Forget post-election tax cuts, we’re stuck in a lost decade, says IFS


Britain is in the grip of a “lost decade” of living standards with ongoing financial “pain” for millions of households, leading economists warned on Thursday.

The Institute for Fiscal Studies also stressed that the country is caught in a “trap” of huge debt, high interest payments and sluggish growth, meaning “there is no money left for additional spending or tax cuts after the election.”

The bleak forecasts contrasted sharply with the upbeat budget presented yesterday by Jeremy Hunt, who noted a slightly more positive near-term economic outlook for the country compared to last autumn.

Real disposable household income per person, a measure of real living standards, is expected to fall by a total of 5.7 percent over the two fiscal years 2022-23 and 2023-24, according to the Office for Household Responsibility.

IFS Director Paul Johnson said: “The OBR may be relatively optimistic over the medium term, but still expects this to be the worst two years on record for household incomes. His projections suggest that real disposable household incomes in 2027 will be no higher than in 2019 and only marginally higher than in 2017 – a lost decade for living standards.”

In its budget analysis, the IFS also notes that:

  • It has warned that up to 600,000 people could lose around £350 a month on universal credit disability pay, with 60 per cent of this group having mental health problems. Crucial to whether this would happen is how the reforms are implemented.
  • Put the cost of the government’s proposed increase in the workforce at £7 billion a year, or a staggering £70,000 for the estimated 110,000 increase in jobs.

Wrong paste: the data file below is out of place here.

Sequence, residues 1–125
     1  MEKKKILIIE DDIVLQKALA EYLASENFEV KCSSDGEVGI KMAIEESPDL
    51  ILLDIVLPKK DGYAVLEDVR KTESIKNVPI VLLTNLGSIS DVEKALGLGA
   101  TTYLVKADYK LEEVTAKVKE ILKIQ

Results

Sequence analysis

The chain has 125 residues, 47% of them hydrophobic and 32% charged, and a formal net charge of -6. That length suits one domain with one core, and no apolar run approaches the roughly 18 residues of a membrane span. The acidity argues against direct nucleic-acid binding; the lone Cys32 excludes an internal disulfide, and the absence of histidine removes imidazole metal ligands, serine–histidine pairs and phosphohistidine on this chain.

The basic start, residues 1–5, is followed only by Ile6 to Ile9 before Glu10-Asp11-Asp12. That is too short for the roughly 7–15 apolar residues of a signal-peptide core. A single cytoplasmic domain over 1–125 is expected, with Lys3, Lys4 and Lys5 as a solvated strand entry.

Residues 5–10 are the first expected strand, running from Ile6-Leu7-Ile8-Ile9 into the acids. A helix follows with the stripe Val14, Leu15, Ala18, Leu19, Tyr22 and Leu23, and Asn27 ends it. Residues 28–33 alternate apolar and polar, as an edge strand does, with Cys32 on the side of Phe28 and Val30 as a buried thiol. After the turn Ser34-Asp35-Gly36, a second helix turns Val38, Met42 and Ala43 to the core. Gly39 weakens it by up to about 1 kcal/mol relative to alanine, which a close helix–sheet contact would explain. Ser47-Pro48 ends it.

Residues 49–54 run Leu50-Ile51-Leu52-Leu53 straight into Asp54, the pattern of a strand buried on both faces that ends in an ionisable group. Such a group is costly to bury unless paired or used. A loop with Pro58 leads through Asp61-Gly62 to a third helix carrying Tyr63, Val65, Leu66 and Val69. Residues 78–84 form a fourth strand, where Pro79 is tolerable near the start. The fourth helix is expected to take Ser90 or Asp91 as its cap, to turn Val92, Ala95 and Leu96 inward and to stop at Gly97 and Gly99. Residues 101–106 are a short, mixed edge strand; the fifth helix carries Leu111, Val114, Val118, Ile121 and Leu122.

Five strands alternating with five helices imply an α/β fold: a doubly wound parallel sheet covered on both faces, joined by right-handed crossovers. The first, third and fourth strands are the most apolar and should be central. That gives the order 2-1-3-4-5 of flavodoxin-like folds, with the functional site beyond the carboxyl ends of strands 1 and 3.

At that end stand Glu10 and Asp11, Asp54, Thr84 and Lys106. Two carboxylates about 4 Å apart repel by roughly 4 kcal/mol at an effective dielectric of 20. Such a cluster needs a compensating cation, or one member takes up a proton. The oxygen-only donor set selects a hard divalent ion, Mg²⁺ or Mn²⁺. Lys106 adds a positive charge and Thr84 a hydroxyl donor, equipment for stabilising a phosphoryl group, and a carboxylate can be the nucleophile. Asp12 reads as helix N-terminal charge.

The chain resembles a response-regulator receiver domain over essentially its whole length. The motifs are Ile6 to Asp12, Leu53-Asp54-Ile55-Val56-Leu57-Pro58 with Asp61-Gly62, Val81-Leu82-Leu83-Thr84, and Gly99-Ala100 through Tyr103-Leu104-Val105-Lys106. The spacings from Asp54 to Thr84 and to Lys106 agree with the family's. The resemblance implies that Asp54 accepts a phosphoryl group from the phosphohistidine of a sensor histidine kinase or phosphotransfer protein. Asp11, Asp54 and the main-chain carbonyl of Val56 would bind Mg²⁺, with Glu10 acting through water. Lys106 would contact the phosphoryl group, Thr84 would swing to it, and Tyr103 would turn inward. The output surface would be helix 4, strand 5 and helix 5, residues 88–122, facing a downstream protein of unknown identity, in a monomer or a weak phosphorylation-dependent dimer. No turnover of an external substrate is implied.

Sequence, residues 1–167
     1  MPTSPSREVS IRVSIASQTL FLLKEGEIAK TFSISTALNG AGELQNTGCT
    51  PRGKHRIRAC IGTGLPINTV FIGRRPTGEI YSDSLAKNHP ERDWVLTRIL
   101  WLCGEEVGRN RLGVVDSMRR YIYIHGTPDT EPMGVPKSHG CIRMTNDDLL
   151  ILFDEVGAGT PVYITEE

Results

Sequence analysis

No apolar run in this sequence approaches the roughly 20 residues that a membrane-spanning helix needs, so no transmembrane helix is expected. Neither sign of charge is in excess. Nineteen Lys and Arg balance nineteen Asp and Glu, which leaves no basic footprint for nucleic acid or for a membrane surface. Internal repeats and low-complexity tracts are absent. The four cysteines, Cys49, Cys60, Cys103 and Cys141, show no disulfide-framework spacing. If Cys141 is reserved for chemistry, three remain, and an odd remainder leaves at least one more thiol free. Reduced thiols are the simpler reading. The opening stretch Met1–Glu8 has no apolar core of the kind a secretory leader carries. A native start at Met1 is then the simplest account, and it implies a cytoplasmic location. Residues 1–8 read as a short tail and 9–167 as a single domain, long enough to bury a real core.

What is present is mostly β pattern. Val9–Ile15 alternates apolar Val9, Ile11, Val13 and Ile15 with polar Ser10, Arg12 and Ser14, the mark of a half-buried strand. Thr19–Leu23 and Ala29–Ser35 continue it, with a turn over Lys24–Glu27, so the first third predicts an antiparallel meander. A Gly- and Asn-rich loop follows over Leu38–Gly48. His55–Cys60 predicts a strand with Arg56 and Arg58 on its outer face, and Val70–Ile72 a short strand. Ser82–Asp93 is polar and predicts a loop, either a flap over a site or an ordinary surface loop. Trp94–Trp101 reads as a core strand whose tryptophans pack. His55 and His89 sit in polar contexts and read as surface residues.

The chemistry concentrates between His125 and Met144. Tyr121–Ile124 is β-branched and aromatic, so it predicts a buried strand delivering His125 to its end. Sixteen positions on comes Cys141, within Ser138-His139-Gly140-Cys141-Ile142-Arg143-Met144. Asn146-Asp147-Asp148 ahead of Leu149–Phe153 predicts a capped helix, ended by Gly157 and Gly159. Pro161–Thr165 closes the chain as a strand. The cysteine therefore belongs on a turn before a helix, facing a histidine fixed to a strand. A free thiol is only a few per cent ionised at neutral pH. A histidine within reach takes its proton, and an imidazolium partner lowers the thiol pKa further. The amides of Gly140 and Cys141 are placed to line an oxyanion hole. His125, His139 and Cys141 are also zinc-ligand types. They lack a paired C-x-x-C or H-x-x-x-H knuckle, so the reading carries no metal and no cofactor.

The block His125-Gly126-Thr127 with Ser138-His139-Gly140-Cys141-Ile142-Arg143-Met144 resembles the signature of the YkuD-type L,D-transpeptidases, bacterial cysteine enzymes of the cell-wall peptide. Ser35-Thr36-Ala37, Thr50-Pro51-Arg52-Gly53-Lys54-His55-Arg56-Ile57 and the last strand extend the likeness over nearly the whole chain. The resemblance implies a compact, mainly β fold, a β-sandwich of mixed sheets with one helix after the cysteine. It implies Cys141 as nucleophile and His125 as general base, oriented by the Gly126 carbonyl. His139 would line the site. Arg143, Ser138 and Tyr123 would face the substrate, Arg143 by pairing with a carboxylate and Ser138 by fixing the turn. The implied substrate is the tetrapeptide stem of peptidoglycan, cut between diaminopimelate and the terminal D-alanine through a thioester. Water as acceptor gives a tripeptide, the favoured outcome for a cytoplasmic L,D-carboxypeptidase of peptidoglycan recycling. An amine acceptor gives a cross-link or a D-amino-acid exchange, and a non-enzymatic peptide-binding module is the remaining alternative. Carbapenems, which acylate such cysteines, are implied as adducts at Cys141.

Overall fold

• Stressed that this surge in jobs was “dwarfed” by the estimated annual net immigration of 245,000, although some Brexit supporters claimed leaving the EU would reduce inflows to the UK.
  • Abolishing the lifetime limit on pension supplements, which was just over £1million and which is expected to mean 15,000 more workers, including NHS advisers, would “raise £100,000 a job”.
  • Praised the budget for “some elements of a sensible strategy to support growth”.
  • Described the multi-billion dollar expansion of childcare, including for young children, as a “major shift in both the scope of the welfare state and our expectations of what it should provide.”
  • Highlighted “stealth taxes”, including freezing the thresholds above which people start paying the basic income tax rate of 20p and the higher rate of 40p until 2028, at £12,570 and £50,270 retrospectively. It is estimated that for many base taxpayers this will mean around £500 in extra tax per year as inflation and wages rise, and around £1,000 for many higher tax rate payers.
  • Stressed the blow of Brexit to the UK, with the country’s long-term output set to be 4% lower.

The government borrowed heavily to deal with the Covid pandemic, then doubled in response to the energy crisis sparked by Vladimir Putin’s invasion of Ukraine.

As the government’s debt mountain climbs to £2.9 trillion by 2027-28, Mr Johnson stressed that Mr Hunt was “caught in a debt trap”.

He explained: “He’s got this horrible combination of taxes going up to all-time highs, tight spending plans, and yet the debt isn’t going down.

“The reason is that it has sluggish growth, high interest payments on debt and high levels of debt. When you put all of this together, this chancellor has a harder time delivering a falling debt path than any of his predecessors, according to the OBR. It’s high borrowing and poor growth rates that are coming home to settle down.”

He added: “What households will feel over the next year will be an enduring pain. Inflation is falling, but prices remain much higher. Profits have not caught up.”

The Chancellor has a fiscal rule to cut debt in the final year of the financial forecast as a percentage of GDP, which OBR says he will meet at just over £6bn based on the Government’s outline plans.

But Mr Johnson said: “He couldn’t be any closer to breaking it without actually breaking it.

“The only reason he doesn’t break it is because he has a bunch of numbers in it that frankly aren’t plausible.”

He emphasized that the Chancellor assumed that he would start raising the mineral oil tax next year, that new investment relief for trade tax was only temporary and that he would be planning some “very tight spending figures” for the future. Forget post-election tax cuts, we’re stuck in a lost decade, says IFS

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